So, to cut a funny and short story even shorter, a fellow hosteler, a fun-loving German gentleman called Sebastian, heard us perform during a campfire session the other week, liked what he heard and put us in contact with his also-German business partner who moonlights as a musician/live music organizer in a local club called Malindis. They’re looking to diversify their live music offerings at the club and asked if we’d perform a few songs on a it’s-not-that-serious-we’re-just-kinda-jamming basis between the main act’s sets last night. In search of a good old story to tell the grandkids one day and intrigued by the prospect of our first ever sort-of paid “gig” in front of strangers (and in a bar mostly frequented by locals) we (at the time quite possibly foolishly) agreed!
With a few back-up lyrics scribbled on paper, a couple of beers to take the edge of the nerves and a great group of hostel friends in the audience (plus about 80 others) we got on stage after the excellent local (Arusha-based) band finished their country – yes, COUNTRY – set. Nerves sort of in check (we kept telling ourselves that it was just for laughs), we kicked off with an acoustic version of ‘Africa’, the oh-so appropriate 80s megahit by TOTO with such lyrical bull’s eyes as “I know that I must do what’s right, as sure as Kilimanjaro always rises above the Serengeti” (went down a treat with the locals as well as expats despite some small mess-ups on our part), followed by Bob Dylan’s lovely-if-not-totally-appropriate-for-the-party-setting ballad ‘To Make You Feel My Love’ (which we learned for Celia’s & Küsä’s wedding this summer), and concluding with Lionel Richie’s party anthem ‘All Night Long’, which ended up becoming a hilarious sing-along/impromptu jam with the local band. Everybody seemed to know the song and sang along as the few Swahili words/bits came up… Although as any self-critical hobby musician would admit, it ain’t that easy playing in front of/with a really talented local band, we had a blast both during our mini-set and after (Boogie even ended up jamming on a few African hits with them). The locals were very supportive, dancing along, hollering compliments and even giving us a 10,000 shilling tip (a whole 8 francs which nicely covered our costs for the night). Our friends, even a few work colleagues who came by, were fantastic too and gave us far more support than our hastily-assembled set deserved…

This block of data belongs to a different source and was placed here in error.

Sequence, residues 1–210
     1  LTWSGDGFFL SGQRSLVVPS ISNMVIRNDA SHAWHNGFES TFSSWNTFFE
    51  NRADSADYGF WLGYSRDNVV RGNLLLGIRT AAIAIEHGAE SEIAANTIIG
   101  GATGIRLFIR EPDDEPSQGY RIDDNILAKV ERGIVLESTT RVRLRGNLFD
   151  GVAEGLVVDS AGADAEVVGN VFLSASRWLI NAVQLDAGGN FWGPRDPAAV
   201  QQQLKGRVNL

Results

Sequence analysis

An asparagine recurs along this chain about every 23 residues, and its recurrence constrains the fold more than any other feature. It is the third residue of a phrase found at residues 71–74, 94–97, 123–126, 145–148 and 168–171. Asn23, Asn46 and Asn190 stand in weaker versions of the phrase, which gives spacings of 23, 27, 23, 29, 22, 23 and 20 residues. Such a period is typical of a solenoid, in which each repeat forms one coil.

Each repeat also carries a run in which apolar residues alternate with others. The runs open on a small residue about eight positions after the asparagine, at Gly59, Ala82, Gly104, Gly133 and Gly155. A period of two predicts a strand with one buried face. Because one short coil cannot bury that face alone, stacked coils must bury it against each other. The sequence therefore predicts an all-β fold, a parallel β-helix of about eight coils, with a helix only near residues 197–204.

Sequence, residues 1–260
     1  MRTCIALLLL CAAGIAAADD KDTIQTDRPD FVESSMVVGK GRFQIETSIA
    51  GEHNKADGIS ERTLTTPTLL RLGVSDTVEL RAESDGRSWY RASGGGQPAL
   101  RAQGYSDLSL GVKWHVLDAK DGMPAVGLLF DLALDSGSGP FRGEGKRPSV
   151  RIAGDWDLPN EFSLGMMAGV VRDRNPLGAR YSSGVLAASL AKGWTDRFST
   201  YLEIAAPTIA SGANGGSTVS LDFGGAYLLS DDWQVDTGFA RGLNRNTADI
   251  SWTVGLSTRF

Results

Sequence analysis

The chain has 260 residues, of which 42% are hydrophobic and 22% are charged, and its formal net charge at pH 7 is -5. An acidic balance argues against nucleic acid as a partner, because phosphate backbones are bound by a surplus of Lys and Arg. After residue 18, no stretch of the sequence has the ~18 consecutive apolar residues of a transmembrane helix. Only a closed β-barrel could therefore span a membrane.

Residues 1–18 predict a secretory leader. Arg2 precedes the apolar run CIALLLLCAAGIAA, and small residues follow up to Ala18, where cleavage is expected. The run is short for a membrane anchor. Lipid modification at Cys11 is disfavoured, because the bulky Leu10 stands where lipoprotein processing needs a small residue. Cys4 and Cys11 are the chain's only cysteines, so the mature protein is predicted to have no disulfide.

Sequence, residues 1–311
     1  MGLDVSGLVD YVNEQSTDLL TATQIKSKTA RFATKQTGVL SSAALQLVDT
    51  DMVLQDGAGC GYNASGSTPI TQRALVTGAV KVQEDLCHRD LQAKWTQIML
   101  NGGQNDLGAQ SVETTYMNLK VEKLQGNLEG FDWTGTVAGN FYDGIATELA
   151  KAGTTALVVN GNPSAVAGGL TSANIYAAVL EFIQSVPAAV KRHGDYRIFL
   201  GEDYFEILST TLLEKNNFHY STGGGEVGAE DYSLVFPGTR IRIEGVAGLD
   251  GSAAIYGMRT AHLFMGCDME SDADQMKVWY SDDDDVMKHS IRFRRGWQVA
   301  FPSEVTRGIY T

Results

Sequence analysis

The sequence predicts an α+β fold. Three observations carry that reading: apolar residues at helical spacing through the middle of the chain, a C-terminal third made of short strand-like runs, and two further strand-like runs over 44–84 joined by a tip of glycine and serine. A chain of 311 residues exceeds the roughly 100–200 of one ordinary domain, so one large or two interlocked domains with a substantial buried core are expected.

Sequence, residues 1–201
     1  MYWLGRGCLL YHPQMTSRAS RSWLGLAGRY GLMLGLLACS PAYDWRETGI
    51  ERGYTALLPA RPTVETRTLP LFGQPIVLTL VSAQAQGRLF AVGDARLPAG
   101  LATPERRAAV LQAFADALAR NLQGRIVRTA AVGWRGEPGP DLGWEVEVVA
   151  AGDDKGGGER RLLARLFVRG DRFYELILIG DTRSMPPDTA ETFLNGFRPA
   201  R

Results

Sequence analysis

The night concluded with some local “line-dancing” (a dance which Mexican Sofia from EF — in case you’re reading — taught me; who knew it was hot stuff in Africa too?!) and a quick late-night noodle meal back at Hostel Hoff.
We were at Amani today, helping out with a visitor tour (more on that later) and if the beautiful weather holds up, we’ll try to head to a local pool tomorrow to chill like the wanna-be rockstars that we are.
Lots of love from this side of the Equator,